No. And you came to two nights, bizarrely, I don't know why you did that. (laughs) You saw that it was received differently on Wednesday from how it was on Thursday. It's both different every night and the same wherever you go. Every night is different, everywhere is different, but also they're all the same. Does that make sense?
So culture's not even really part of it.
Only because I'm not really like an observational comedian who will come in and say things about a specific culture, I'm more interested in talking about my experience and where I'm from is purely for my own unique point of consciousness. What resonates with people is purely coincidence. I'm not trying to have a broad appeal.
Do Nothing had a lot to do with loneliness and anxiety, and that's still there in your new show, but now there's deeper soul-searching, and perhaps more anger at times.
I used to think that anger was quite a silly emotion to get involved with, because we're all going to die, so we should really be grateful to be alive and in clothes and eating food. To be angry about things seemed deeply absurd. But it turned out I was deeply repressed, and there's that story about being at the airport in Dublin, where all of that anger came out of me that I didn't even know was there. How I tend to write is either noticing a pattern of behavior that seems unhealthy and needs to be looked at or something new happening that I'm curious about, so that was an example of something wildly different happening that I felt was worthy of being discussed onstage.
Do you plan on going on any more trips like the spiritual journey to Peru that you talk about?
Not for a while, I really felt after that trip to Peru that I didn't feel broken anymore. I used to do stuff like yoga and meditation from a point of feeling broken and needing to be fixed. I'm still doing those things, but from a point of maintenance and strength. There's been a bit of a shift.
Does that tie into the “we're all going to die” thing?
No, I just don't feel broken any more. The whole panic about why we are here in the show, what the hell any of us are supposed to be doing with our lives, what's the priority, there are no rules, there are only the conventions of the people who came before us, that panic has kind of lifted now. At some point, it's an interesting journey and an interesting question, why we're here and what we're supposed to be doing. At some point, you just have to decide something. You have to say it's for this, or it's for nothing. There's no reason, the only reason is what I create in this moment. Once you have something to hold onto, it's a healthier existence. So at some point, you just need to grab onto something and feel it fully. You can't just make something up, you have to really feel it in you, it is this, I'm here. I was talking to another comedian, and she said, "It doesn't matter why we're here. It just happened. It happened that we're here, and so we're here." There you go.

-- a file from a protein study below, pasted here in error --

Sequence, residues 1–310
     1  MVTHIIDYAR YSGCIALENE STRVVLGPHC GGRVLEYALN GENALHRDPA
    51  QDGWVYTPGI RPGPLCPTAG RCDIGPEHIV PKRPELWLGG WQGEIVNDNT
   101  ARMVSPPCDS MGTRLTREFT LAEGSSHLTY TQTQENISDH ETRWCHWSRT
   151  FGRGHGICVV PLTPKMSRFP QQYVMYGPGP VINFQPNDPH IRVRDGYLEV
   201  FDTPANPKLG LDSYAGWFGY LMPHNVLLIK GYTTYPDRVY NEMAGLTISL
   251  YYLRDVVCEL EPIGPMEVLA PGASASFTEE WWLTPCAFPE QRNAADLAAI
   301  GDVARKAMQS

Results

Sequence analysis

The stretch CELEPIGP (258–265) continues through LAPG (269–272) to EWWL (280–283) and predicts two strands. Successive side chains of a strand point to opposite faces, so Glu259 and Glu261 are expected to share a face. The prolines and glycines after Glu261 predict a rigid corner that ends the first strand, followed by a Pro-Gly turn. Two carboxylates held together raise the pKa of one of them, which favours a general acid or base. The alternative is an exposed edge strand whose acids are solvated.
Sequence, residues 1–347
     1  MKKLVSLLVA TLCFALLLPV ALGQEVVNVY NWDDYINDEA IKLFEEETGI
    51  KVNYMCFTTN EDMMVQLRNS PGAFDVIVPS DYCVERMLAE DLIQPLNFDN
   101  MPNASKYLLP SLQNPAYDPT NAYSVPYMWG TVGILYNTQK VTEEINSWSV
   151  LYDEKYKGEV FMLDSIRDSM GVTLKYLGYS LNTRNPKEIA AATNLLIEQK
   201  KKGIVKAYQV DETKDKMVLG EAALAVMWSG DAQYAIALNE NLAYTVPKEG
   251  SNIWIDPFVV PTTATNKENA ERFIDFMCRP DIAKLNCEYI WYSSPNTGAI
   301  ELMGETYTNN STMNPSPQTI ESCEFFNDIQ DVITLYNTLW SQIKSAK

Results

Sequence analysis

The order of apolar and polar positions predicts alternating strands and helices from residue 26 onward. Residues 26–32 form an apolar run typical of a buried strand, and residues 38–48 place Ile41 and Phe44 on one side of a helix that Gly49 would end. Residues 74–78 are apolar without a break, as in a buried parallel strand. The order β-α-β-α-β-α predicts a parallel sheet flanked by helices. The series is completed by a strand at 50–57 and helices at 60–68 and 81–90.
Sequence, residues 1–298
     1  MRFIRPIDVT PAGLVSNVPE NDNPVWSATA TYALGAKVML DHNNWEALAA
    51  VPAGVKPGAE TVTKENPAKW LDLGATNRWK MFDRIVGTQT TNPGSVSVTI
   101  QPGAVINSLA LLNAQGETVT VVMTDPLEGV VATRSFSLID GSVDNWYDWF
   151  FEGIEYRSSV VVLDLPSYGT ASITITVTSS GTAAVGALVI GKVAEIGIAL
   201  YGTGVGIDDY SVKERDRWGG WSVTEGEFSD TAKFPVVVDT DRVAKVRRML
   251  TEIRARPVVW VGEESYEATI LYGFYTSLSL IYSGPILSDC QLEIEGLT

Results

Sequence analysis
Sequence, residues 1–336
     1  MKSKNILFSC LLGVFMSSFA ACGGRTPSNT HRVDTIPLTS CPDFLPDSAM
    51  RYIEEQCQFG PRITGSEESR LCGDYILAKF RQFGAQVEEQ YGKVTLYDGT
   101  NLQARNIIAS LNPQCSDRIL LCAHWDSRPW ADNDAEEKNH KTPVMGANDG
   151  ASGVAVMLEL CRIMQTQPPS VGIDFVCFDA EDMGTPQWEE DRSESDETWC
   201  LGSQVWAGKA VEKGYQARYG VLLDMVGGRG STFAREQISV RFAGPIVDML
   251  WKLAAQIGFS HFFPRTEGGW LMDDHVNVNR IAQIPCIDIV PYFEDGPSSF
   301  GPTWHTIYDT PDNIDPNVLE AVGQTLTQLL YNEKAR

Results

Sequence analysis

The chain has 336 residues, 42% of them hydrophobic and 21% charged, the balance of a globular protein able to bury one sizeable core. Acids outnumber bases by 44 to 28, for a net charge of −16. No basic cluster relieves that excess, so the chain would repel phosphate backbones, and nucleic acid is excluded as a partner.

I also noticed that this show seems more instructive. It's still introspective, but you're more directly addressing other people.
It isn't intentional, I'm really only there to sort myself out. All I really want to do is connect with people in the room, I don't really feel like I have a message for anyone other than myself. I'm only really telling myself these things, and it is helpful to me to say them out loud, because it solidifies them. The more I bang on about this stuff, the more real it is to me. It's helpful to me to say these things out loud to a group of strangers for an hour. I'm not there to help anyone, I don't feel like I'm going on like, "Yeah, I've got to tell people this stuff this stuff tonight." It's purely selfish. (laughs)
Granted, if they’ve seen your other work, most of the people who are going to see you are already probably sort of like you in certain respects.
Everyone's on their own journey. All you can do, really, is tell your own story. And it's helpful because it's truthful, you've been authentic in that moment rather than preaching something to people. Nobody listens to anything. I was telling this story the other day, the first show, Do Nothing, there was a message of acceptance in that show. I'd sort of learnt acceptance. And I had to relearn the show to do it again, I hadn't done it in a while. I was going through something, and I listened to show again, and I'd forgotten acceptance! That was the key. I'd forgotten my own message. So if I don't listen to my own message, I don't imagine anyone else is going to. So I'm not there with a message, I'm there with a sort of funny hour about the stuff that's happened to me and the journey that I've been on.